Orange-flowered Wild Azalea
(Florida Azalea - Orange Azalea - Florida Flame Azalea)
Rhododendron austrinum
Ericaceae (Heath) Family

Plant is an upright shrub. Preferred habitat is edge of woodland streams. Distribution is occasional in the Escambia region.

Leaves are alternate, one whole part, short leaf stalks, widest at the center, or oval-shaped. No teeth and no lobes.

Flowers are a terminal cluster; bisexual in nature and symmetrical in form. The calyx is five lobed; corolla is nearly funnel shaped; yellow to yellowish-orange, often reddish tinted. There will be five to ten stamens that extend beyond the corolla. Flowers occur in early spring before the new leaves emerge.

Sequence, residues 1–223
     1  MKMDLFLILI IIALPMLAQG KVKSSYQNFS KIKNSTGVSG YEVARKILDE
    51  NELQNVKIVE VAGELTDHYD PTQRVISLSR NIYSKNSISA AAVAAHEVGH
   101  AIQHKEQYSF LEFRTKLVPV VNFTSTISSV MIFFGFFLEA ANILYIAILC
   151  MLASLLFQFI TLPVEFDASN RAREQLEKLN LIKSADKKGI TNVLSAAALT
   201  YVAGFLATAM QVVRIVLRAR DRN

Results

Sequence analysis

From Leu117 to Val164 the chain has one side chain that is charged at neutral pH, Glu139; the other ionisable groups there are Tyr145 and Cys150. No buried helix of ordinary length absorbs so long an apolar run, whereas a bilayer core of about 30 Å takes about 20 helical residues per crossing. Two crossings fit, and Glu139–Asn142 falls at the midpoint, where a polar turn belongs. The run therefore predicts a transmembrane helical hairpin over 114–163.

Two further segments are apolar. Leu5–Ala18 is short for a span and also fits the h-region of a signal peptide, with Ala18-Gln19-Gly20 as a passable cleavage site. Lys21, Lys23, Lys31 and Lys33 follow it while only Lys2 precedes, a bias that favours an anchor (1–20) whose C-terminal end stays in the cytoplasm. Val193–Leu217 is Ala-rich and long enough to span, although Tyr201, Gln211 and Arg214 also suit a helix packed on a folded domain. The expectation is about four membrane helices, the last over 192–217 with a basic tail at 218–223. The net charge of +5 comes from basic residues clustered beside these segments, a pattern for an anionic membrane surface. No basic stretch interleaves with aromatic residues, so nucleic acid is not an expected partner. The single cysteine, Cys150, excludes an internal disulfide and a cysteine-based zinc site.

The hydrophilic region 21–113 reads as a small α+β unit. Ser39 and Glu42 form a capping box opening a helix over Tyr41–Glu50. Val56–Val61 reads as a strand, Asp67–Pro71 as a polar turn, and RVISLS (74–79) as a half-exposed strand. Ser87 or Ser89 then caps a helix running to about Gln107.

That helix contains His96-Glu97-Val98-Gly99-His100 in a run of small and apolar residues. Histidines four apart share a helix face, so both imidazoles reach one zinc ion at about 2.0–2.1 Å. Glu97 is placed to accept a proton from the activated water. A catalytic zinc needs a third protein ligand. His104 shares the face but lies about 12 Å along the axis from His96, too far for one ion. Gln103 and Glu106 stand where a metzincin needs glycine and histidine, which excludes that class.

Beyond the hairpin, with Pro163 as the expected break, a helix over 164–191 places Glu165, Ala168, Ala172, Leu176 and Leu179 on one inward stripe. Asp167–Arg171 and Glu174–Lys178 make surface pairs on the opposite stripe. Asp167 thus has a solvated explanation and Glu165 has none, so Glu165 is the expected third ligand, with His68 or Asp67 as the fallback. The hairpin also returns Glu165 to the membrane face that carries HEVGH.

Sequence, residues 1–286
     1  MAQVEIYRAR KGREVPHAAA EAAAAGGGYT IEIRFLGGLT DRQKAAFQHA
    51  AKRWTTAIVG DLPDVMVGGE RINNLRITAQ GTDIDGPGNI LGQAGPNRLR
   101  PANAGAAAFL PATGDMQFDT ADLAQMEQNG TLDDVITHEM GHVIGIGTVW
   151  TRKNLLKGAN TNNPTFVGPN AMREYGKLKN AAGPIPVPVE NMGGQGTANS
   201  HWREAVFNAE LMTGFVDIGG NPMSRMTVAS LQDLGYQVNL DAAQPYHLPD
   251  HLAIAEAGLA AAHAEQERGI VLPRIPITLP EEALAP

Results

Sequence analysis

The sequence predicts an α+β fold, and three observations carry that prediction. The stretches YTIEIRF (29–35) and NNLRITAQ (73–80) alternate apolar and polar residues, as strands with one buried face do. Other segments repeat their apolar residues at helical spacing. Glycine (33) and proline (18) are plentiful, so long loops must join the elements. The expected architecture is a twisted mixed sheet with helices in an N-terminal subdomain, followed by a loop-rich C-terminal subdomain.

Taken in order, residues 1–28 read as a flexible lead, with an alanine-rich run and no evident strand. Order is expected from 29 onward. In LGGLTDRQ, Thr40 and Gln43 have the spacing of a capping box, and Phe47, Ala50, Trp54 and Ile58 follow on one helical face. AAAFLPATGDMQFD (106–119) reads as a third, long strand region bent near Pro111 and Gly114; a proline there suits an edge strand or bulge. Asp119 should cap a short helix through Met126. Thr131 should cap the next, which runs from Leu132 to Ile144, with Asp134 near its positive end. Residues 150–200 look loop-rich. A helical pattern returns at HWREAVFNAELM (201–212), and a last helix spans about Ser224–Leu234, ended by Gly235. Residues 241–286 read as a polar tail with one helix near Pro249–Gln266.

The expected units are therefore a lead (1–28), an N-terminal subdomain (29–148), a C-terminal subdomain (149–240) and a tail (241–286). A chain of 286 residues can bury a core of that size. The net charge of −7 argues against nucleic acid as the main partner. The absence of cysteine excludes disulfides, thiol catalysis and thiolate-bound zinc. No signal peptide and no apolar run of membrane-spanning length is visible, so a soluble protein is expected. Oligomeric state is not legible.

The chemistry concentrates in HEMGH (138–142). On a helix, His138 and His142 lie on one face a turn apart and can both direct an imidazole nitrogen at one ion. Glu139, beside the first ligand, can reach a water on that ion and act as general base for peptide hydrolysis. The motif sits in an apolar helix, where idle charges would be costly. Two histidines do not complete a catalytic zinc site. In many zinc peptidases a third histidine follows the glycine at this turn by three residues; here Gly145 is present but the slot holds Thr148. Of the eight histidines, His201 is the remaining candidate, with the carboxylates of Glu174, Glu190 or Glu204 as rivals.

Fruit is a capsule.

Finding this azalea in the open woods and swamps is a happening that must occur during a brief bloom cycle, at which time it is best identified. The flowering period extends over a two to three week period during March and April. It is extremely unlikely that this wild azalea will be seen at roadside because collectors harvested this widely sought after shrub long before laws were put in place to forbid the taking of roadside plants.

The Latin 'austrinum' describes the shrub as “toward the south.”

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